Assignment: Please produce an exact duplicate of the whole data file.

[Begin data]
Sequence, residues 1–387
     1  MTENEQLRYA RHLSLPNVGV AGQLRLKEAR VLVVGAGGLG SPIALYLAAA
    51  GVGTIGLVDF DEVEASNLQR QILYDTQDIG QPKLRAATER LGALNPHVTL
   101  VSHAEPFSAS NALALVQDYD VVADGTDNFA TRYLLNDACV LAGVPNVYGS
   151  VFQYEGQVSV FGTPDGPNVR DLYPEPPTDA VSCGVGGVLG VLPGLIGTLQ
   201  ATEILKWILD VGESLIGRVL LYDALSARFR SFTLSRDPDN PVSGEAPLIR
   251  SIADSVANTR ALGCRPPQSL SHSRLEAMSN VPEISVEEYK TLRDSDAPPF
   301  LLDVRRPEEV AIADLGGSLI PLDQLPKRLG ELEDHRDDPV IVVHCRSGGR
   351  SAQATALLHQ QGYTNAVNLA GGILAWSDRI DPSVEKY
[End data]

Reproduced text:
Sequence, residues 1–387
     1  MTENEQLRYA RHLSLPNVGV AGQLRLKEAR VLVVGAGGLG SPIALYLAAA
    51  GVGTIGLVDF DEVEASNLQR QILYDTQDIG QPKLRAATER LGALNPHVTL
   101  VSHAEPFSAS NALALVQDYD VVADGTDNFA TRYLLNDACV LAGVPNVYGS
   151  VFQYEGQVSV FGTPDGPNVR DLYPEPPTDA VSCGVGGVLG VLPGLIGTLQ
   201  ATEILKWILD VGESLIGRVL LYDALSARFR SFTLSRDPDN PVSGEAPLIR
   251  SIADSVANTR ALGCRPPQSL SHSRLEAMSN VPEISVEEYK TLRDSDAPPF
   301  LLDVRRPEEV AIADLGGSLI PLDQLPKRLG ELEDHRDDPV IVVHCRSGGR
   351  SAQATALLHQ QGYTNAVNLA GGILAWSDRI DPSVEKY